A low intensity of early stage reduction is generally indicated by the technological patterns that were observed in the assemblages; it appears that decortified blocks or stone or flake blanks were being transported to this locality for use, as well as some in situ flaking was also undertaken. A scale and organisation of residential mobility that is consistent with short-term camping events is reflected by this pattern of production and use.

Faunal remains

Richards et al. suggest that it is not surprising that the faunal assemblage are modest, little material being preserved, considering that the faunal assemblage recovered from the Box Gully site date to 30,000 BP. There are not many diagnostic elements present, as only the more robust bones have survived as a result of superior cross-sectional strength (Walshe, 1998). The fauna have been placed within the known suite of animals that were present in the Mallee region of Victoria during the Quaternary, based on the taxonomic identifications from the remains. Notable findings of the detailed faunal analysis (Richards et al., 2004) are presented below.

Generally, the remains did not allow diagnostic capability beyond the genus level, and in many cases not beyond the family level. Among the animals that were recognised were mammals that had a live weight of 1-3 kg (probably bettongs (Bettongia sp.) and (bandicoots); medium sized mammals of less than 5 kg; Shingle Back or sleepy lizards (Trachydosus sp.); Emu (Dromaius sp.); freshwater mussels; other small reptiles and birds (Richards et al., 2004: figs. 46-48). The best identification was found for Bettongia sp. – a lower tooth row that was incomplete with extremely worn molars from either the Burrowing Bettong (Bettongia lesueur), Brush-tailed bettong (Bettongia penicillata) or the Tasmanian bettong (Bettongia gaimardi).  The presence of the hare-wallaby, which was also once common in this region, is indicated by 2 molar fragments, which most likely represent the Eastern Hare Wallaby (Lagorchestes leporides).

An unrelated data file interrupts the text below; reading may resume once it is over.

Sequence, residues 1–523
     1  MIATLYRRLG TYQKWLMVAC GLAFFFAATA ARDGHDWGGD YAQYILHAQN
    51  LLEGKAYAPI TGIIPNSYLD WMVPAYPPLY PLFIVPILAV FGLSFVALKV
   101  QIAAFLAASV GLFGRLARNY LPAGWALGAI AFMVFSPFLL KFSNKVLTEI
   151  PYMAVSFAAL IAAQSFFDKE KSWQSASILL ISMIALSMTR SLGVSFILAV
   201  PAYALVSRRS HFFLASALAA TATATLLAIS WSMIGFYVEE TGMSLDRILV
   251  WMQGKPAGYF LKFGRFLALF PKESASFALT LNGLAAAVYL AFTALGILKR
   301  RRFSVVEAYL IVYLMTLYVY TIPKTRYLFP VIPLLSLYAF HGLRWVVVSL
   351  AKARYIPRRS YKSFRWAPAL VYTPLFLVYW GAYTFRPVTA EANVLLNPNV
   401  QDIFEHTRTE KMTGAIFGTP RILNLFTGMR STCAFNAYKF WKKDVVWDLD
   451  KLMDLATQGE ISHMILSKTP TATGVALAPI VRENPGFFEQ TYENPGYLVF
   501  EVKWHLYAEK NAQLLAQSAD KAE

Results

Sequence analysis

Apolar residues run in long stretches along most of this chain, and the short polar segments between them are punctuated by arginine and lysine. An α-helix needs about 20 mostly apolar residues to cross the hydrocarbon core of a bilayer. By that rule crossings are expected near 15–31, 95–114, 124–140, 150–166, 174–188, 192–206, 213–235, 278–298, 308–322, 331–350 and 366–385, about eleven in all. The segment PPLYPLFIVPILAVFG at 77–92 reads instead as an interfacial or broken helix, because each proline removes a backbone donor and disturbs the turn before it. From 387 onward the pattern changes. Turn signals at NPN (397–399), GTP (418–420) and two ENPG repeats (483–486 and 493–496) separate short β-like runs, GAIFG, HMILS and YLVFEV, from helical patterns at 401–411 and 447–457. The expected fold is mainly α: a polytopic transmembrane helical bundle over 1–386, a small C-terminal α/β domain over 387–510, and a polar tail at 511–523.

The colour of burnt bone fragment recovered from this site is black, brown or blue-white (Richards et al., 2004: Fig. 49), which indicates exposure to a range of temperatures from low to very high (Shipman et al., 1984; Walshe, 1994, 1998). Low temperature short term fire is suggest by black, while a high temperature, long term fire, or repetitive burning on the same spot is suggested by blue-white (calcination). According to Richards et al. it is clearly indicated by the predominance of burnt bone the biased survival of burnt bone over unburnt bone in the assemblages.